Last straw for Monet's.
I WAS absolutely gutted to hear that the bonny grey Monet's Garden was fighting for his life this week after sustaining a foot infection.
A fixture in the top chases between 2m4f and 3m, monet's Garden will never race again, but at this stage, connections, and every punter who ever saw him go about his business, will be simply wishing the 13-year-old pulls through to enjoy the retirement he thoroughly deserves.
A winner of 17 of his 32 starts, raking in more than pounds 680,000 in prize-money, Monet's built up a massive following with his gutsy attitude and bold-jumping style.
He won ten times in Graded company over hurdles and fences, but could never crack the Cheltenham Festival, although his second to voy Por Ustedes (rec5lb) in the 2006 Arkle Chase was probably the best performance of his career.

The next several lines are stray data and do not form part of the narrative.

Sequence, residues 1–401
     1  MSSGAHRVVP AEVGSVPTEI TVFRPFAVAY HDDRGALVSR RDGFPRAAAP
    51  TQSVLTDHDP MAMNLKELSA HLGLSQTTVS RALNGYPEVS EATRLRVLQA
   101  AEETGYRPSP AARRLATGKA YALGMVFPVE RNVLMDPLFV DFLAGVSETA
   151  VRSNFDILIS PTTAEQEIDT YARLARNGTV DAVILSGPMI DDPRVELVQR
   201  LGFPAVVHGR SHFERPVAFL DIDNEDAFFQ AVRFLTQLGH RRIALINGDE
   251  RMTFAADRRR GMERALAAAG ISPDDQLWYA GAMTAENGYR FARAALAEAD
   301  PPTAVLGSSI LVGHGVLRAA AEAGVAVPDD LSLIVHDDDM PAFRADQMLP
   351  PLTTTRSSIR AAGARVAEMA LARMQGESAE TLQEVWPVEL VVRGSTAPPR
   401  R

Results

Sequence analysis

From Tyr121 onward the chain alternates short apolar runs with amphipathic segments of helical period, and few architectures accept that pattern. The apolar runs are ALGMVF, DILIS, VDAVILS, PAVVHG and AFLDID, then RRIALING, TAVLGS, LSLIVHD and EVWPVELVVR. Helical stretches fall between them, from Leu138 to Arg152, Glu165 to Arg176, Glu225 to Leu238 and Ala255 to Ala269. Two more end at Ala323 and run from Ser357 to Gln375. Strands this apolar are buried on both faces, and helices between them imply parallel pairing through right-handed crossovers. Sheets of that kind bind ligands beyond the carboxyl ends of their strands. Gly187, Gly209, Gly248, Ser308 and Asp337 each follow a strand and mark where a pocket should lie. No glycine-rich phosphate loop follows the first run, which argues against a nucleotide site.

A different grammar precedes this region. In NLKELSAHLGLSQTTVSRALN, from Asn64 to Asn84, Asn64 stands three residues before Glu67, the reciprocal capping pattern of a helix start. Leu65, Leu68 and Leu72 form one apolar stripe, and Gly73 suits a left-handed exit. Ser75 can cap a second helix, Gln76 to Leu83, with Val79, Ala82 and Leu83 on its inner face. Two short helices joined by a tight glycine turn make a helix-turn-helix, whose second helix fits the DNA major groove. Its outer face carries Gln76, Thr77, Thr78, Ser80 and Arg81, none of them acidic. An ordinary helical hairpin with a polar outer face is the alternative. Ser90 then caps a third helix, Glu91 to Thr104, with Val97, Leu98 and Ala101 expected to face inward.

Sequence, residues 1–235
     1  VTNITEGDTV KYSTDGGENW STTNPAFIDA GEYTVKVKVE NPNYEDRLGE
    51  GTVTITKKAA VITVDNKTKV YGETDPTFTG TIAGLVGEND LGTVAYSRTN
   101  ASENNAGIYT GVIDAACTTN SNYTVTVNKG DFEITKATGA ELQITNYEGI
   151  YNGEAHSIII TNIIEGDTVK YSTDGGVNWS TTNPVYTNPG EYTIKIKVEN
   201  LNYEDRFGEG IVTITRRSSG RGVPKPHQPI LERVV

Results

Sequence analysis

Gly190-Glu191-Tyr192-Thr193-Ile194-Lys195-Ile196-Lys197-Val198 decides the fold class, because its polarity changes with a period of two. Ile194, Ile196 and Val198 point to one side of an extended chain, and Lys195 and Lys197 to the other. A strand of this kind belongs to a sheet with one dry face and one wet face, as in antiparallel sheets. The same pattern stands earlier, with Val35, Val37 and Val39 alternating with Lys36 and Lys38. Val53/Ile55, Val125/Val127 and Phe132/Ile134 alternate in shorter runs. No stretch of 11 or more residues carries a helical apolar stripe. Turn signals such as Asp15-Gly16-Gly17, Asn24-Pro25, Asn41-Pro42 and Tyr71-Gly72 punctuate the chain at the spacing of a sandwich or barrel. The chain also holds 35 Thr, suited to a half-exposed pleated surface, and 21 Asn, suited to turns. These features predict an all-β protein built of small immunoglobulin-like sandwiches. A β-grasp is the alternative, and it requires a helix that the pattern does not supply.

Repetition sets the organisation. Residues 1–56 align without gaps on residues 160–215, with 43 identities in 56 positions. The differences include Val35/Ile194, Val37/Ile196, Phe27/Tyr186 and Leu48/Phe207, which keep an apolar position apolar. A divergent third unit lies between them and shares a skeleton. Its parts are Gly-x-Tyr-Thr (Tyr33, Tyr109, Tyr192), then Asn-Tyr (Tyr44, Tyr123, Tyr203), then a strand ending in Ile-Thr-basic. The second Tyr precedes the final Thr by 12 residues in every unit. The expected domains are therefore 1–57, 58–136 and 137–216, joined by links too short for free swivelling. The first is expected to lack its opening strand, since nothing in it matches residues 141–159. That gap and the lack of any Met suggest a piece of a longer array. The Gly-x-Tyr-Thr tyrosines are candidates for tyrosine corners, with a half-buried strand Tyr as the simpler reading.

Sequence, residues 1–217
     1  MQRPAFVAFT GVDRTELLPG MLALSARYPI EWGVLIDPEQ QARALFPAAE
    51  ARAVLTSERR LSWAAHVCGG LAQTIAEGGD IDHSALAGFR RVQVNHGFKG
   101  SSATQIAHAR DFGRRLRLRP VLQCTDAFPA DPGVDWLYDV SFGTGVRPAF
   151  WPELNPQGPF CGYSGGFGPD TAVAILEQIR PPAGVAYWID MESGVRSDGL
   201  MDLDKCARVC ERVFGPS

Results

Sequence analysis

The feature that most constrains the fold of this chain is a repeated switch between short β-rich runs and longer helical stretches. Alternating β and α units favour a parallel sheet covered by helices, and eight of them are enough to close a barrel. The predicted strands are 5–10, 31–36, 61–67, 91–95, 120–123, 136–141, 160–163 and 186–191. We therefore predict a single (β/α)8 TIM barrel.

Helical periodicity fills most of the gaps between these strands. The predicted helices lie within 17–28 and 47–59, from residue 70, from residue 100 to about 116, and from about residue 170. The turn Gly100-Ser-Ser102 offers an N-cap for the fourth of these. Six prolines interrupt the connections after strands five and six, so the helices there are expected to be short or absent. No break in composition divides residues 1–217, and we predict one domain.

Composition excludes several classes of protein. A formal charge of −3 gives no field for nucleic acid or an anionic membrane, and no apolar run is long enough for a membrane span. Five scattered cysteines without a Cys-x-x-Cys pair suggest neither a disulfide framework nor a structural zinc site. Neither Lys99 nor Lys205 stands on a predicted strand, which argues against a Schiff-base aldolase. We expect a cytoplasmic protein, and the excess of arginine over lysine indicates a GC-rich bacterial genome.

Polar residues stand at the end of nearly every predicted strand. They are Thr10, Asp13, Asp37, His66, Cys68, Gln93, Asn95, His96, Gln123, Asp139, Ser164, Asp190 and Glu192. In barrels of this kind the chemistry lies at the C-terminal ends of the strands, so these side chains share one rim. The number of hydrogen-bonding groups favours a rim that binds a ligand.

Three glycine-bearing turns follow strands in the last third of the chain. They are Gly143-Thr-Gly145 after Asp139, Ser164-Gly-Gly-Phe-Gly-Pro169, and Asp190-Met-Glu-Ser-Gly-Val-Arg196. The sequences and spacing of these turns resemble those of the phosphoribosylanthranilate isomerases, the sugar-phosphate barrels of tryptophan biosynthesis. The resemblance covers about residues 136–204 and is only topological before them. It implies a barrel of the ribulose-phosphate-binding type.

I remember having the rent money on kauto star to beat him in the Old Roan three years ago at Aintree and when Monet's went about five clear three out under Tony Dobbin, I knew the writing was on the wall.
Sadly, last night, owner David Wesley Yates said: "He is stable and not getting any worse, but I'm afraid he isn't getting any better and the antibiotics are not working. We are clutching at straws and the next few days will be critical."
It's funny really how the punting public always have an affinity with greys. Desert orchid, one man, and my own favourite valiramix, whose career was tragically curtailed in the Hors Le Loi Champion Hurdle in 2002, have all earned their place in the public's heart.
Punters do, I believe, form an attachment to their favourites, and if anything should happen to them, it is indeed much like a bereavement in the family.
At Cheltenham last week, National Hunt lost another great favourite when joe Lively, (not grey) a 12-year-old, had to be put down after breaking a leg in front of the packed stands.
Jockey Joe Tizzard returned to the paddock in tears and said: "He's the only horse I've ever got emotional about."
Tragedies like that remind punters of the heavy price connections pay in a wonderful, but at times painfully cruel, sport.
HEART OF A LION: Monet's Garden and Tony Dobbing fly to another Old Roan victory